Sideritis scardica (Mountain Tea), an endemic plant of the Balkan Peninsula, is generally acknowledged as a very popular consumed beverage with multiple pharmacological properties including antioxidant activity. This study was designed to optimize the infusion conditions, aiming to maximize the phenolic compounds and antioxidant activity of the tea-infusion, made from different parts of Sideritis plants. The influence of different infusion temperatures (60, 80 and 93 °C) and steeping times (10, 20 and 30 min) either as aerial parts or as stems, flowers, leaves of Sideritis plants was determined using response surface methodology. The results showed good fit of data and the optimal infusion conditions were steeping time no more than 10 min and temperature water ranged between 87.5–99.8 °C for all infusions under investigation. The highest bioactive content and antioxidant activity was exhibited in leaves infusions followed by flower, aerial parts, and stems. Under this condition, chlorogenic acid was detected as the major phenolic acids in all Sideritis infusions. Moreover, the most abundant minerals were recorded in the order: K > P > Ca > Mg > Na > Fe. Stems tea-infusions contained the highest amount of minerals followed by those obtained from flowers, aerial parts and leaves, respectively (94).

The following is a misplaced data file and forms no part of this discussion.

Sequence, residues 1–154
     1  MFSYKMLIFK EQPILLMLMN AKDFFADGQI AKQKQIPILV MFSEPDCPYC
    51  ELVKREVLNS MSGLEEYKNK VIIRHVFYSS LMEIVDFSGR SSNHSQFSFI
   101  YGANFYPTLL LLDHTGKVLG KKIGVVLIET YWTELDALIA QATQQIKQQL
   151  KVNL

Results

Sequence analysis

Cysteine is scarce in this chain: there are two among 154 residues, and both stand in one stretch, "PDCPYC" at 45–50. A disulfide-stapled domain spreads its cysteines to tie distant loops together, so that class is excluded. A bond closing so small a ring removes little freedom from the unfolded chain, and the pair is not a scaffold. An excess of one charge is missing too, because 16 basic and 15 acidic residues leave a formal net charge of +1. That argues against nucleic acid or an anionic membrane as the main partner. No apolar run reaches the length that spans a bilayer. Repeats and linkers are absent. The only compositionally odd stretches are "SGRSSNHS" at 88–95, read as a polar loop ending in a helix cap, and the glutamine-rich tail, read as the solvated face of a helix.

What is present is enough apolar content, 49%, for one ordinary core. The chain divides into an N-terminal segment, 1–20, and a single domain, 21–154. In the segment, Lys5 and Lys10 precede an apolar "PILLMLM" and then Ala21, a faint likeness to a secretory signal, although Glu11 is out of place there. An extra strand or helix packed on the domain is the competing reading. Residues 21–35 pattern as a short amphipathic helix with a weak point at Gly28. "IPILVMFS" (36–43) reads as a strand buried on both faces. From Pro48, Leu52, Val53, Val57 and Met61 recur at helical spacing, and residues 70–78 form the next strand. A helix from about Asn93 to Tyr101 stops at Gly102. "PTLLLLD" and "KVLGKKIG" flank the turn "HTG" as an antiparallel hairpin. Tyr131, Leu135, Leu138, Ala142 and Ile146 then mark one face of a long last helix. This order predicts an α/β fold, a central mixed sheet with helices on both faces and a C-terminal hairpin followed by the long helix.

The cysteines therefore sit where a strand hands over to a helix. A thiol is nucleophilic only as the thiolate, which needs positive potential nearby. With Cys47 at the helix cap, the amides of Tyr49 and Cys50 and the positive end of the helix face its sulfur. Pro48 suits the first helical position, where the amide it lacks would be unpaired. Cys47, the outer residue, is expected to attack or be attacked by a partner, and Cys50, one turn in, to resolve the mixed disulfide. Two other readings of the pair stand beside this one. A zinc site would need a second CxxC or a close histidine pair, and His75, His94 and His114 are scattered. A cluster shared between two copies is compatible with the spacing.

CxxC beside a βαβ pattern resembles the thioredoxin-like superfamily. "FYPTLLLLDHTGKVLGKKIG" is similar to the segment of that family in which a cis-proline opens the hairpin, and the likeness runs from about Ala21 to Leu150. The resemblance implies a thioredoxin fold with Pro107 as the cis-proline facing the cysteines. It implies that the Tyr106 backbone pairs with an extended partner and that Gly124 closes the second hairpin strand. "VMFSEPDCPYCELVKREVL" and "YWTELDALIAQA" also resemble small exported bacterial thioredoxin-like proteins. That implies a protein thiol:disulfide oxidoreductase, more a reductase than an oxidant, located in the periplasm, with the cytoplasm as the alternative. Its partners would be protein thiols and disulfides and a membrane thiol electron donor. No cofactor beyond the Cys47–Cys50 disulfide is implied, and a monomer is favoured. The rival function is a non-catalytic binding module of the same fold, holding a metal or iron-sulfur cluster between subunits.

Herbal infusions have been traditionally used in the folk medicine for the ailment of various disorders. Nowadays, their consumption has been very popular due to the vast variety of tea flavors marketed worldwide and their health benefits, attributed to their bioactive compounds. Besides polyphenols, which are mainly associated to the antioxidant activity and scavenging harmful free radicals, teas may contribute to the intake of a number of essential minerals (95).
Polyphenol rich foods may prevent degenerative diseases such as cardiovascular diseases, cancer and other degenerative disorders and their daily intake by different types of foods and beverages, is mainly in the form of hydroxycinnamates and flavonoids (estimated about 1/3 and 2/3 of the total intake respectively) (97).